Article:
US weather: Central states brace for more historic flooding after 12 die in a week

'We still have water still rising in the east, we are not out of the woods yet'

Victoria Gagliardo-Silver
New York
Monday 27 May 2019 22:15
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US senate passes bill granting disaster aid to victims of wildfires, flooding (pictured) and hurricanes
US senate passes bill granting disaster aid to victims of wildfires, flooding (pictured) and hurricanes

Americans in the midwest braced for extreme weather on Memorial Day amid floods and storms across the centre of the US that have already left 12 people dead.

With regions of Nebraska, Indiana, Ohio and Illinois braced for potential tornados and extreme flooding, plans of barbecues and pool parties may be changing for evacuation.

Other parts of the nation are already undergoing severe weather, including floods that killed twelve in the Central US.

The Arkansas River is expected to see flooding four feet above the record, meaning “catastrophic flooding is possible in the towns of Van Buren and Fort Smith,” said CNN meteorologist Dave Hennen.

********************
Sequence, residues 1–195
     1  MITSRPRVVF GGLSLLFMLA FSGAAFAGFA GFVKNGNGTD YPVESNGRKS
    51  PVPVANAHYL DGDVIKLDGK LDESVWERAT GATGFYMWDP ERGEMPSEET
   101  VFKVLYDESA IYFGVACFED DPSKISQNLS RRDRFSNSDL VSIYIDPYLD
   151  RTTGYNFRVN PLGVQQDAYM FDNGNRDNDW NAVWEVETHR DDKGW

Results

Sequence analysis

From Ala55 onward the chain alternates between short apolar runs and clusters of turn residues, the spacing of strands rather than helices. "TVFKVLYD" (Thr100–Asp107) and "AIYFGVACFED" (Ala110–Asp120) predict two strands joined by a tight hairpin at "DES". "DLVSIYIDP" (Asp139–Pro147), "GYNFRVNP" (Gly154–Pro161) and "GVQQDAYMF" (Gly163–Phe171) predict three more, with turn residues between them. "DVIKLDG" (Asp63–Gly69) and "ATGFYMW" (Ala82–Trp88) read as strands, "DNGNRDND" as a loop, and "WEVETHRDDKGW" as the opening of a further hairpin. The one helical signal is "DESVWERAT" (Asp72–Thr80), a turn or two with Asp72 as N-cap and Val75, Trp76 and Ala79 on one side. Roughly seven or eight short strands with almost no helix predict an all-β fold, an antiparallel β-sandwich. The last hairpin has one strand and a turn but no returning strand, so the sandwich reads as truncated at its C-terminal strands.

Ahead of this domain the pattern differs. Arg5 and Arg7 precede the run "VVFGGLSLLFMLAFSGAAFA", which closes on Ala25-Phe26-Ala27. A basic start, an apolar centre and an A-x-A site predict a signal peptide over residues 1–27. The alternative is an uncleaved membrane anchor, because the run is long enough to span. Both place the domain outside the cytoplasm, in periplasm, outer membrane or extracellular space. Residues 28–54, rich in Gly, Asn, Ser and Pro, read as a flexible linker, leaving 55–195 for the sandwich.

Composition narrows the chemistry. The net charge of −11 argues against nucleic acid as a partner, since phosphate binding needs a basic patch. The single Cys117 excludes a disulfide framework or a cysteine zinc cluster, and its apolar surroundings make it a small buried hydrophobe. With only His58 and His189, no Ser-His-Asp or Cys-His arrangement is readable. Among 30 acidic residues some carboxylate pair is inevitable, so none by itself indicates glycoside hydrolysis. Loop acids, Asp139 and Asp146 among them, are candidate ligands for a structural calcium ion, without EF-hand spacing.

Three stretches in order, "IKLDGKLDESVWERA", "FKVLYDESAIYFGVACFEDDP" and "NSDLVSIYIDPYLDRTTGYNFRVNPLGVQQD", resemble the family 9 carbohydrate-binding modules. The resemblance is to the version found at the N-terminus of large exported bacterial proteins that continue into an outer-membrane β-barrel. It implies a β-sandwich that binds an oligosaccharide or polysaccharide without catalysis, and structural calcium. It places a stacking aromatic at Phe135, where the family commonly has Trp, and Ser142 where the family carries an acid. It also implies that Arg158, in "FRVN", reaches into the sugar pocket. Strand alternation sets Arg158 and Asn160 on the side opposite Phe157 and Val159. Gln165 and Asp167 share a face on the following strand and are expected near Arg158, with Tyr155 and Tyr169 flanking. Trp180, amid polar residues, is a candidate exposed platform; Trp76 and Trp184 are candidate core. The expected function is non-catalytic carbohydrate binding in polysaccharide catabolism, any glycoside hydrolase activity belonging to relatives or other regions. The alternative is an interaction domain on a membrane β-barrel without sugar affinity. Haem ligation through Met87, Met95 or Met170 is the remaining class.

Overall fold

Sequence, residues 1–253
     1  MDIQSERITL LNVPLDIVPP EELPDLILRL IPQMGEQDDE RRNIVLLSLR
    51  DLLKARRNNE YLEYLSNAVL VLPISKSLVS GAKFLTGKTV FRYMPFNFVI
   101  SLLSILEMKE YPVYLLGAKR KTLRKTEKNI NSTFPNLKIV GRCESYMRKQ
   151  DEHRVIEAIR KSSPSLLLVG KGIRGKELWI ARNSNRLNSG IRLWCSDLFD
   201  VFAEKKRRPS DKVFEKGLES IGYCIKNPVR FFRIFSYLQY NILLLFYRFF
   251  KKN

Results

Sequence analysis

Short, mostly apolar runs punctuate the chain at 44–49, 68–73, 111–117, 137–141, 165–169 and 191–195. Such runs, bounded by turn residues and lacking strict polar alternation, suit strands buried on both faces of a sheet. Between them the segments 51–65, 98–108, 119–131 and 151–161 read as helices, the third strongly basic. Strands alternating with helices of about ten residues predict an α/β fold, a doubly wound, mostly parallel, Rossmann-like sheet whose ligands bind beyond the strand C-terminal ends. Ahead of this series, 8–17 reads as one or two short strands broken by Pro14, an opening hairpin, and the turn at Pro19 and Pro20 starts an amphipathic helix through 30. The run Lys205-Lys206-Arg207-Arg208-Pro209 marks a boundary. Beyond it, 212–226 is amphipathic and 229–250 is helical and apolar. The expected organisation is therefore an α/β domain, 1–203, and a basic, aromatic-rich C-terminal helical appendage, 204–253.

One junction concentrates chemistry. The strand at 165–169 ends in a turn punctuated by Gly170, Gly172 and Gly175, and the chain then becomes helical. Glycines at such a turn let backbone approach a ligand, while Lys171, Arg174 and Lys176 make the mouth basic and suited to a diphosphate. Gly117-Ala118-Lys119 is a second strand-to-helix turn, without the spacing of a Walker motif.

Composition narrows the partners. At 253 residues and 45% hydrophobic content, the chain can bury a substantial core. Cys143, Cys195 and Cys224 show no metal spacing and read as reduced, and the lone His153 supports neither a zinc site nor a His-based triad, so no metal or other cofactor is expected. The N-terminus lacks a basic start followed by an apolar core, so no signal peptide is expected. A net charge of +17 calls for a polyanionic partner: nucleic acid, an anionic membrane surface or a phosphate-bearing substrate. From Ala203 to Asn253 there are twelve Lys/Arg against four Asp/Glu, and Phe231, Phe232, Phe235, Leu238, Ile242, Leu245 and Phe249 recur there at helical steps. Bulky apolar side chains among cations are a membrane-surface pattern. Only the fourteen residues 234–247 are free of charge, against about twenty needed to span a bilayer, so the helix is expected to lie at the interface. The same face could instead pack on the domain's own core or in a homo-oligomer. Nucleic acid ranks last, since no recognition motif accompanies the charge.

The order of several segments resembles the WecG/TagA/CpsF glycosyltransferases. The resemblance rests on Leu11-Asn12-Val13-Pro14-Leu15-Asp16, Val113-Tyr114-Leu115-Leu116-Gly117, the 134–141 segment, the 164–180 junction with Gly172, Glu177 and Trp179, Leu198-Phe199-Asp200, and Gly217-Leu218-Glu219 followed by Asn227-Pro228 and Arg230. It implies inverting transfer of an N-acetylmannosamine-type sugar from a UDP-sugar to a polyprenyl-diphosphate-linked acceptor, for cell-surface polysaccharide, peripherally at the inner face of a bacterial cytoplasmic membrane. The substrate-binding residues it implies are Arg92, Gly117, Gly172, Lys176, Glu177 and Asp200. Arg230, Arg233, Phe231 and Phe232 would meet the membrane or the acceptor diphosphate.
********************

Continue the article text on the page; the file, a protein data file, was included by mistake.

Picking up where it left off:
In Oklahoma, where six people were killed in severe weather last week, Governor Kevin Stitt warned the situation “still could get worse,”.

“We still have water still rising in the east,” said Mr Stitt. ”We are not out of the woods yet.”

A state of emergency remains in effect for all of Oklahoma on Monday.

Over 100 injuries have been reported at local hospitals, according to the state health department said.

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Meanwhile, cities in South Carolina and Georgia are expected to hit over 100 degree fahrenheit, record-breaking temperatures on Memorial Day, and the Grand Canyon is expecting snow.

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